Generate/6059.gif Use the Modify 3D Animation Settings toolbar button to set the angles and increments for the animation.

Generate/6060.gif Use the Start/Stop 3D Animation toolbar button to begin and end the animation. You can temporarily pause the rotation by left clicking the graph. Clicking again will continue the animation.

Generate/6051.gif Use the Modify Graph View toolbar button to change the main 3D settings.

Generate/6056.gif Use the Select Color Gradient for Surface or Contour toolbar button to change the gradient used in the 3D surface plots.

Generate/6070.gif Use the Render 3D Surfaces with Plateau at Upper Z Bound to have the upper Z-bound filled rather than open.

The Animation settings include a maximum grid setting to improve performance during animation.

The Faster Rendering option forces a 60x60 grid in both contours and 3D surfaces. Unless you set a lower maximum grid in the animation the Faster Rendering settings will prevail. If Faster Rendering is unchecked, the animation will proceed at no higher density than the maximum grid in the Animation settings, whose default is 120x120. If you uncheck Faster Rendering, the animation may be significantly slower, the surfaces of a higher resolution.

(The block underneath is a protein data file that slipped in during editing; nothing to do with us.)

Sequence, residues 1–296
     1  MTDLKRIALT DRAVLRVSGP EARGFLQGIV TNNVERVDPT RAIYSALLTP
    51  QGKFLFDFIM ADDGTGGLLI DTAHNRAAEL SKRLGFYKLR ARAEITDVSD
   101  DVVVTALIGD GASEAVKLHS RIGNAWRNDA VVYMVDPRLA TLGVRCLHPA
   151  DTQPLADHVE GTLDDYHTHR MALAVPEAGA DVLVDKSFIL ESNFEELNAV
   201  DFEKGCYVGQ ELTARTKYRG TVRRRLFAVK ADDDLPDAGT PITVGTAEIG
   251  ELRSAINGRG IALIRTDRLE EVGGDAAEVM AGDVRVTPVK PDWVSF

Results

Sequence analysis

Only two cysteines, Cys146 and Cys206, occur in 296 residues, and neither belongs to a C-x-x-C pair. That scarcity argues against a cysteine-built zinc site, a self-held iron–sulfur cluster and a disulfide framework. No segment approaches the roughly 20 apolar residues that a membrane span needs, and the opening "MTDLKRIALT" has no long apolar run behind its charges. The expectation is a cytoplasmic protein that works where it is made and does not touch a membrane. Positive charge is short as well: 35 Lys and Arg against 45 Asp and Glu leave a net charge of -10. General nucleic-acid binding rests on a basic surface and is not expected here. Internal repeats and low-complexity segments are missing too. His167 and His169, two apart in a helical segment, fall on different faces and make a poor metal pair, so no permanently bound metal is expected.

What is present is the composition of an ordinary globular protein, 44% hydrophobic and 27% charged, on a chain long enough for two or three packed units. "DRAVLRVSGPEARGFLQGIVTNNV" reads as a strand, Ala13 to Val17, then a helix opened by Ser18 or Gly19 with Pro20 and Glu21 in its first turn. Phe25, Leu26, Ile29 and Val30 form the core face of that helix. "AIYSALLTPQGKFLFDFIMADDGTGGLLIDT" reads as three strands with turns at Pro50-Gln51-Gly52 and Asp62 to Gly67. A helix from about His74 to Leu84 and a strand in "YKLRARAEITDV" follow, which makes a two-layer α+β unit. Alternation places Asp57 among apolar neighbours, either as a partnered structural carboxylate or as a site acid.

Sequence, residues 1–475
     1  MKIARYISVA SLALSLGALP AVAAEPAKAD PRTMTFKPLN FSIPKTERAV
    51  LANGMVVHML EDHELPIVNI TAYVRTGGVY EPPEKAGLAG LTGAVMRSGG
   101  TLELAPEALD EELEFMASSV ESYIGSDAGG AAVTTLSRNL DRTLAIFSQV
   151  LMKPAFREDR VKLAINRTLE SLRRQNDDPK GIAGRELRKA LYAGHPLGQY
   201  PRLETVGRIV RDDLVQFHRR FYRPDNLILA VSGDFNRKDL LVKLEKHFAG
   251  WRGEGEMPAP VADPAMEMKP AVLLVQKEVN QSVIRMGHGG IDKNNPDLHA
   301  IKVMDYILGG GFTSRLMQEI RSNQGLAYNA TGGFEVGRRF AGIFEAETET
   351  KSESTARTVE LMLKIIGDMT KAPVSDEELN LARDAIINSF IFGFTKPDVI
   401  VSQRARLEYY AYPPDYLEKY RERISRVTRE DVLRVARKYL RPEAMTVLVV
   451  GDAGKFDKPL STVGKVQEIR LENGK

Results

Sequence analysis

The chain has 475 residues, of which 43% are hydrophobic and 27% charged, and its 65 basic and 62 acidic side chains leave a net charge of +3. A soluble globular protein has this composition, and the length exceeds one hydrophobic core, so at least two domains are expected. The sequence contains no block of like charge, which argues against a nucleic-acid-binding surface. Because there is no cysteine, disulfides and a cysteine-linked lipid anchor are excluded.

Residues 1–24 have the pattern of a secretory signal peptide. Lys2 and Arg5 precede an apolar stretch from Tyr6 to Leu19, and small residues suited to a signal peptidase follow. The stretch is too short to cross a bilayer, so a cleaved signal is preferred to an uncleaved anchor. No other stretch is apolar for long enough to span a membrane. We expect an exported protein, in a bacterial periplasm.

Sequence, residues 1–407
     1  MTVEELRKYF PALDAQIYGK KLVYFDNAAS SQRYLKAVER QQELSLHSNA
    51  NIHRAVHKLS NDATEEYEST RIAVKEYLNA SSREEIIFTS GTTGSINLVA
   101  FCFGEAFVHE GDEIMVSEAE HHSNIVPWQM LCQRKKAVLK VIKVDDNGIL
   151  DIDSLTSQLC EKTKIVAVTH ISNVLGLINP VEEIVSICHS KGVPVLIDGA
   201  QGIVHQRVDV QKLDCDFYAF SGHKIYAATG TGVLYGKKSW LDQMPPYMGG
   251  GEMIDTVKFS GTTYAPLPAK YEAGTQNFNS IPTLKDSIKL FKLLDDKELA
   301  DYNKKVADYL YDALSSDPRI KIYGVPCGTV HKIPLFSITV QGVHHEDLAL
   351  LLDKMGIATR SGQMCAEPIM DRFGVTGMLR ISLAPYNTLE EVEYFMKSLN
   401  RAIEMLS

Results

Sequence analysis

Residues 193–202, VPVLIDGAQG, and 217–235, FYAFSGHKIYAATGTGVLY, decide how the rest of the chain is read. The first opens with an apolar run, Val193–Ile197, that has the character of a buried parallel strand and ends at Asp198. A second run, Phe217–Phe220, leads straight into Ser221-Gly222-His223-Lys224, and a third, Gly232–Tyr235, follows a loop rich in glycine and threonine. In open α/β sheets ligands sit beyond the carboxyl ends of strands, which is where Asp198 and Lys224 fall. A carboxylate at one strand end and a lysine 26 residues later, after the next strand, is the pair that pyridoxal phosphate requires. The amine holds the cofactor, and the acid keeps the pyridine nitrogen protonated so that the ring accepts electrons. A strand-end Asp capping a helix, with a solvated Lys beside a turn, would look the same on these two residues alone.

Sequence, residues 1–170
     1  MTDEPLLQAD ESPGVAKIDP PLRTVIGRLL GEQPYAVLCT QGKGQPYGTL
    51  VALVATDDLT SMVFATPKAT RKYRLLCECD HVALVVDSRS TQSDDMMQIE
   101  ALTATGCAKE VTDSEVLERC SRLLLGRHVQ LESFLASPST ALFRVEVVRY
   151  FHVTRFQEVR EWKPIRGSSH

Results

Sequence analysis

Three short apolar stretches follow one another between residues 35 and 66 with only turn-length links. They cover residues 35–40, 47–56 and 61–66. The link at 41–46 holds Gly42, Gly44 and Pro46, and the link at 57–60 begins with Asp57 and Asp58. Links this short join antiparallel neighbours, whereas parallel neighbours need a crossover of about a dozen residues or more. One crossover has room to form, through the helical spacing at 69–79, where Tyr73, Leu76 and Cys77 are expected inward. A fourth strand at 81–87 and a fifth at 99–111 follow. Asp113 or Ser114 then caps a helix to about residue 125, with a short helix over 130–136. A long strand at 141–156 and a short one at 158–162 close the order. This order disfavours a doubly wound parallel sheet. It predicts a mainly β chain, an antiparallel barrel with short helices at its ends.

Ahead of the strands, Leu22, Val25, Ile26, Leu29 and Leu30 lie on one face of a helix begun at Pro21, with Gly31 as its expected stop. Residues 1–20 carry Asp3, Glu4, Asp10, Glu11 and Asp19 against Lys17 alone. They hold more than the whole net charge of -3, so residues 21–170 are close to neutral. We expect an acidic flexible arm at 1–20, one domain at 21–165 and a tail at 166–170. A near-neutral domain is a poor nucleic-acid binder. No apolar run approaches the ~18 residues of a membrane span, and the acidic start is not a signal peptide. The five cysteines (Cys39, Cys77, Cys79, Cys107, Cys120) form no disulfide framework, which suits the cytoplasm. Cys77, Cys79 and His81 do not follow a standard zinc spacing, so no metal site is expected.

Wheel Button Mouse Rotation

If you have a mouse with a middle button wheel, you can change 3D view angles using this wheel button. You can do this from the Explore window when 3D graphs are being rendered.

To rotate the surface by XY angle, rotate the wheel upwards to increase the XY angle, downwards to decrease the XY angle. The rotation will be in 5 degree increments. If you hold the Ctrl button down while rotating the wheel the XY rotation will be in 10 degree increments.

To rotate the surface by Z angle, hold the Shift key down and rotate the wheel upwards to increase the Z angle, downwards to decrease the Z angle. The rotation will be in 5 degree increments. If you hold the Ctrl button down while rotating the wheel the Z rotation will be in 10 degree increments.

If your wheel mouse has a tilt wheel, you can also increase the Z angle toward +90 degrees by holding the tilt button to the right and releasing it when you have the angle you wish. You can decrease the Z angle toward -90 degrees by holding the tilt button to the left until the desired angle is rendered. The rotation will be in 5 degree increments. If you hold the Ctrl button down while holding the tilt wheel left or right, the Z rotation will be in 10 degree increments.